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WHO to hold emergency meeting on Gaza health situation on December 10

Israel has accused Hamas of using ordinary Gazans as human shields by placing command centres and weapons inside hospitals and other civilian buildings

WHO to hold emergency meeting on Gaza health situation on December 10
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The World Health Organization's executive board will hold a rare emergency session on Dec. 10 to discuss the health crisis in Gaza and the West Bank, with the Palestinian envoy seeking more medical aid and access for foreign healthcare workers.

The WHO confirmed on Monday it had received a request from 15 countries to hold the session, which will be convened by Director-General Tedros Adhanom Ghebreyesus in consultation with the Qatari chair.

The Palestinian ambassador to the U.N. in Geneva, Ibrahim Khraishi, said the meeting would focus mostly on Gaza, engulfed by war between its Hamas rulers and Israel, but also cover attacks on the health sector in the Israeli-occupied West Bank.

Israel said the session was an example of the "double standards and disproportionate attention towards Israel in the multilateral arena".

Only a fraction of Gaza's hospitals remain operational due to Israeli bombings and a lack of fuel, and those that are still functioning are increasingly overwhelmed by a new wave of wounded arriving.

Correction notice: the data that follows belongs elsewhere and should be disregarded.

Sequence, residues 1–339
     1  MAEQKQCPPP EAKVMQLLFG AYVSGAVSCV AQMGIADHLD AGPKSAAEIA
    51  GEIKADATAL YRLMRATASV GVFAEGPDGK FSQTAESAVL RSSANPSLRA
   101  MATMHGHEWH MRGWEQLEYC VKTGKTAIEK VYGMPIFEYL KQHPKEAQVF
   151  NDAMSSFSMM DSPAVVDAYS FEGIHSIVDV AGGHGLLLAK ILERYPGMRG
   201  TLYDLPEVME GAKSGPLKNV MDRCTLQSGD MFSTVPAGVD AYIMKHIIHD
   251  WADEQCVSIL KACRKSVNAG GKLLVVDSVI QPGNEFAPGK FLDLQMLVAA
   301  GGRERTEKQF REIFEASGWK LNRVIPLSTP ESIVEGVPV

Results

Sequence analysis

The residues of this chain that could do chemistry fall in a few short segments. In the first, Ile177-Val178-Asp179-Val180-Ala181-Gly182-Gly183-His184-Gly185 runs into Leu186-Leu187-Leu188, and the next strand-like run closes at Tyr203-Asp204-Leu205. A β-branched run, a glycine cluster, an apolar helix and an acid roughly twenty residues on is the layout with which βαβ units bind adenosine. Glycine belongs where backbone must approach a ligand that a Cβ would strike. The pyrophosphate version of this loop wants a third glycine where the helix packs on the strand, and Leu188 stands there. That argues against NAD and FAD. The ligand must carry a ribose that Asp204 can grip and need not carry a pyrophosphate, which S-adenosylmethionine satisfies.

A WHO database shows there have been 427 attacks on healthcare facilities in Palestinian territories since the Oct. 7 cross-border Hamas attack on Israel, and the latter's retaliatory aerial blitz and invasion of Gaza. The database does not touch on who is seen as responsible for the attacks.

Israel has accused Hamas of using ordinary Gazans as human shields by placing command centres and weapons inside hospitals and other civilian buildings.

A senior adviser to Prime Minister Benjamin Netanyahu said on Saturday Israel would facilitate the provision of humanitarian aid to Gaza's civilians as fighting there resumed after a week-long truce collapsed.

The WHO has also warned of spreading disease which it has said could kill more people than bombardments in Gaza, with diarrhoea cases among children rising to about 100 times normal levels.

As many as 80% of Gaza's 2.3 million people have fled their homes, the U.N. humanitarian agency OCHA says.

The WHO's governing board is made up of 34 members and typically meets every January to fix the agenda for its annual assembly. Membership is split among regional groups and the United States, Qatar, Senegal, Australia and China are among seat holders.

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